This personalized learning environment helps students become more immersed in their studying—they’re more engaged.

    Anyways, some food for thought.


    •  Out of the 66,000 5th-12th graders Gallup polled, 55% stated they were engaged in learning.
    • Unfortunately, this meant 45% weren’t.
    • Breaking it down further, 28% had checked out of school and 17% blatantly didn’t like it.
    • Which brings up how do we get students engaged in learning?
    • Engagement is a fancy way for saying how involved in school the student is. And how much he/she enjoys it.
    • Since higher engagement (which is a soft measurement) affects academic achievement—aka SAT and ACT scores, GPA… (hard measurements)—it impacts students beyond the classroom.
    • In 2009, a Gallup Poll showed the connection between engagement and academic achievement: a one-point percentage increase in the school’s average engagement was associated with a 6-point increase in reading achievement and 8-point in math.
    • Back to the 2013 poll…
    • One-third of students who scored high on engagement, hope, and well-being were “success ready.”
    • This is important since “success ready” means a student has 21st century skills that’ll help him/her in the 21st century workplace.
    • However, disengaged students are at risk of not getting these skills.
    • Good news though: engagement can still happen, even if the student faces outside barriers.
    • It comes down to the classroom with the help of school furniture.
    • Soft Seating and Thumbprint tables especially help increase student engagement.
    • “Third places,” places in between the home and workplace/classroom, are shaped by the students. Students change this environment (such a wheeling a chair so they can put their legs up) to create the best personalized learning for them. Because theire feet are comfy propped on the chair, they can focus better on what they’re reading—aka higher engagement.

    Questions and Comments

    Have you seen 21st century school furniture affect students positively? Let us know!

    Image Credit: Oregon Live

    [1] Gallup: State of America’s Schools: The Path to Winning Again in Education

    [2] Gallup: State of America’s Schools: The Path to Winning Again in Education

    [3] Gallup: State of America’s Schools: The Path to Winning Again in Education

    [4] Gallup: State of America’s Schools: The Path to Winning Again in Education

    [5] Gallup: State of America’s Schools: The Path to Winning Again in Education

    [6] Gallup: State of America’s Schools: The Path to Winning Again in Education

    [7] Gallup: State of America’s Schools: The Path to Winning Again in Education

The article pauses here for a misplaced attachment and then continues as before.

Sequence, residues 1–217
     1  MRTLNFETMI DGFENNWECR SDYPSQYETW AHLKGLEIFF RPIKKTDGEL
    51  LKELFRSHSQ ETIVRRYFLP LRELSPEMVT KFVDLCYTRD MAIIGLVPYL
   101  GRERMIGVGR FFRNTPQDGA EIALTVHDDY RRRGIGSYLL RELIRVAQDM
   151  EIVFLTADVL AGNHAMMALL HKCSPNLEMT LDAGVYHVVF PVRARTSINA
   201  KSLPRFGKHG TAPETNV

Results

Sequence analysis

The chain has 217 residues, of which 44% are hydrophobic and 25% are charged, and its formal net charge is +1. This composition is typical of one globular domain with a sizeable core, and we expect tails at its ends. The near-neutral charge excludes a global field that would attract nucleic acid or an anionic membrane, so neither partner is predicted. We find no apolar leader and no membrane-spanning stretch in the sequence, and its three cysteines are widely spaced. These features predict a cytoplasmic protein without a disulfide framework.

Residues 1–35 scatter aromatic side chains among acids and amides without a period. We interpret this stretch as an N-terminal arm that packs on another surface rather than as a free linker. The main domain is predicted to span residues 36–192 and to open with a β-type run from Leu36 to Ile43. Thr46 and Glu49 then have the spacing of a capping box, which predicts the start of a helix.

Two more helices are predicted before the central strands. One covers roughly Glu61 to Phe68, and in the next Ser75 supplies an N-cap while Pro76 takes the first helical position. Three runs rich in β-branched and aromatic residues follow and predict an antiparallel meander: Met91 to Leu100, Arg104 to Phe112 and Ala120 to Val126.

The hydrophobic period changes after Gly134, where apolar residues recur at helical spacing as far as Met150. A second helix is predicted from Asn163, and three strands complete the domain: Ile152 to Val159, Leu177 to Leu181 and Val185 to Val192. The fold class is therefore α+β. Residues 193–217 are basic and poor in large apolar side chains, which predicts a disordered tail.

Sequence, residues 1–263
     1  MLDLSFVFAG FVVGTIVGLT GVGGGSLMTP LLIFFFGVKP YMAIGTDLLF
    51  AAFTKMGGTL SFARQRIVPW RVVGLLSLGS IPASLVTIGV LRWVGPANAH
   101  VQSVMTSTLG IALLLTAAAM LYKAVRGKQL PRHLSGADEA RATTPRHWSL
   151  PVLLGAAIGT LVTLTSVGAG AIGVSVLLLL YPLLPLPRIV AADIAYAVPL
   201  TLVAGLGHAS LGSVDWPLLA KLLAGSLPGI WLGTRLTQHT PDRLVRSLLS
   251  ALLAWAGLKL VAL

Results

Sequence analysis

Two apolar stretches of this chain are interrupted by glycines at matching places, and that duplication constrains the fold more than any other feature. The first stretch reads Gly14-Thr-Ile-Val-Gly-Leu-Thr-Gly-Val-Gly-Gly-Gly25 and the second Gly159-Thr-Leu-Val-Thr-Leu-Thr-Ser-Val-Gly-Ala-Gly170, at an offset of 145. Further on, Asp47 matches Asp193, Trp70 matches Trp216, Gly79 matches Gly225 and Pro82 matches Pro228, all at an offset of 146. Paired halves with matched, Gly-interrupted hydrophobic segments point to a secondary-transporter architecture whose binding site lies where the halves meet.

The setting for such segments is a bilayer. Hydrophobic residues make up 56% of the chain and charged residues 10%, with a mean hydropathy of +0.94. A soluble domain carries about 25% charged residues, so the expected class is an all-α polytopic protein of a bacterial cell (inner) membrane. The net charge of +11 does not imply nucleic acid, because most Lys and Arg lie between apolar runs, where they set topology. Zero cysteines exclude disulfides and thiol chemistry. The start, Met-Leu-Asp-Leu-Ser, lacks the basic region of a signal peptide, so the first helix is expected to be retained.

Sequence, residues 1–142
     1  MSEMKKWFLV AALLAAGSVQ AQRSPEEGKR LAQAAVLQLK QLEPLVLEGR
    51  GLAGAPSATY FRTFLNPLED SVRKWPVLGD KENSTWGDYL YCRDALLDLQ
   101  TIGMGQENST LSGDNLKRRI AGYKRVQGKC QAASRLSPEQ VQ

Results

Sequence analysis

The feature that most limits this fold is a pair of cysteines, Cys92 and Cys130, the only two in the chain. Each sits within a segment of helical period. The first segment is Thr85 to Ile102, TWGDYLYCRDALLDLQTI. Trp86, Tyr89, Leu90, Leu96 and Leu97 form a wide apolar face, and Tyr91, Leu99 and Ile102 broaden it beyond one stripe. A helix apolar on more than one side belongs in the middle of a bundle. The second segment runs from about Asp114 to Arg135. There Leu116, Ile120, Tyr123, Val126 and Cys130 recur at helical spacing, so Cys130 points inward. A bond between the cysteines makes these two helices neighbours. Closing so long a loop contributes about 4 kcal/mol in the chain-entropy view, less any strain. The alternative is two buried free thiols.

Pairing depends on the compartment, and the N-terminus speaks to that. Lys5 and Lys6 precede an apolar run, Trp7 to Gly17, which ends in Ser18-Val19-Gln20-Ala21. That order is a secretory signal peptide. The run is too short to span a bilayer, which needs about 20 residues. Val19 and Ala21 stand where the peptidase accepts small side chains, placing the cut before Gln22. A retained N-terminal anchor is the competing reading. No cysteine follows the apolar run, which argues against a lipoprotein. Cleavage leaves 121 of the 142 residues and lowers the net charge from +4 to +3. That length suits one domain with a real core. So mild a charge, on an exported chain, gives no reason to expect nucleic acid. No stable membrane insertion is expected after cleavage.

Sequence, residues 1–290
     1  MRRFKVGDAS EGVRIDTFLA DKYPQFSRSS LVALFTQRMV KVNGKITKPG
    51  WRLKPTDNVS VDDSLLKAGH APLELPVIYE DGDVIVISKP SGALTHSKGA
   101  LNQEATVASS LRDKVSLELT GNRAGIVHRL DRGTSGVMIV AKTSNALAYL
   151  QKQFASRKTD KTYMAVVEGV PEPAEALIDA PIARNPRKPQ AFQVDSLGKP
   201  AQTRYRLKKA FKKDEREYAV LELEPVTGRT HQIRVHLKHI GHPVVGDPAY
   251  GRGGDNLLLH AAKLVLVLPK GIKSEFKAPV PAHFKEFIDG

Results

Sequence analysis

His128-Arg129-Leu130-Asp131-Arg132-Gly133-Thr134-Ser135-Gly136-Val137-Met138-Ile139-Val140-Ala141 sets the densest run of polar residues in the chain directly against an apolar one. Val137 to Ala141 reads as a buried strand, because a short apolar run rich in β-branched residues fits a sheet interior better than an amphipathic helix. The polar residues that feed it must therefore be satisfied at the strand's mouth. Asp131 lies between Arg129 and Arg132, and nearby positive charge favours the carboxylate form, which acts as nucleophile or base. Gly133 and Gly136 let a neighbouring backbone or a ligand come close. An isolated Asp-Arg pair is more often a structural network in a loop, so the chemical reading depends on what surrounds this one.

[8] Gallup: State of America’s Schools: The Path to Winning Again in Education

    [10]Gallup: State of America’s Schools: The Path to Winning Again in Education

    [11] Gallup: State of America’s Schools: The Path to Winning Again in Education

    [12] Leadership in Education: Strengthening Student Engagement

    [14] University of Dayton eCommons: Measuring Library Space Use and Preferences: Charting a Path Toward Increased Engagement

  4. The Subtle Ways 21st Century School Library Furniture Increases Personalized Learning

    Mar 18, 2017  //  by Elizabeth Mack  //  blog  //  No Comments

    school library furniture

    Let’s get this straight.

    Libraries are an untapped engagement goldmine for students.

    They are the place for sparking ideas.[1]

    Students seek out libraries because they’re filled with other motivated students who get their work done and want to learn more. Seeing their peers roll up their sleeves and do the hard work inspires and stimulates students to open that textbook and start studying. We call this peer modeling.[2] And libraries are key facilitators of this.

    Yet the place that inspires ideas and emphasizes peer modeling was cited in a study as the second worst place on campus to study.

    The first? Students’ rooms. This is a no-brainer considering that rooms are filled with distractions: video games, sleeping, hanging out with friends…

    So, why are libraries nearly in the same pool?

    What are we doing wrong? And how can we change this to facilitate personalized and active learning within the library space?

    We’ll examine these questions as well as discuss the role school library furniture plays in the 21st century library model. And that, with the right school library furniture, you can increase student-centered, personalized learning.

    The Ideal Library

    Behavioral Psychologist, Robert Sommers puts it best:

    “[T]he ideal library ‘would contain a diversity of spaces…[for] introverts and extroverts, lone studiers and group studiers, browsers and day-long researchers.”[3]

    In other words, it’s a place that would bring together a diverse learning community.

    Traditional Libraries Were Fine…For a While

    Given that we’re already transitioning from an isolated to a collaborative learning style, you’d think Sommers would have written these words a couple years ago.

    Nope. Try 51.

    Yep, he wrote that in the 60s, a time where libraries were thought of as (scarily) silent spaces where you could hear a pen drop. And they were.

    Similar to the traditional classroom, the thinking was that libraries were dead-quiet places students went to read, study, and check out a book.

    No snacks. No drinks. And definitely no talking.

    30 years later, in the 90s, and the mentality was still the same.[4]

    Students sat in hard chairs crouched over tiny carrels cramming for research papers, tests, midterms, finals, you name it—to study…because that’s where “studying [was], ‘expected or condoned.’”[5]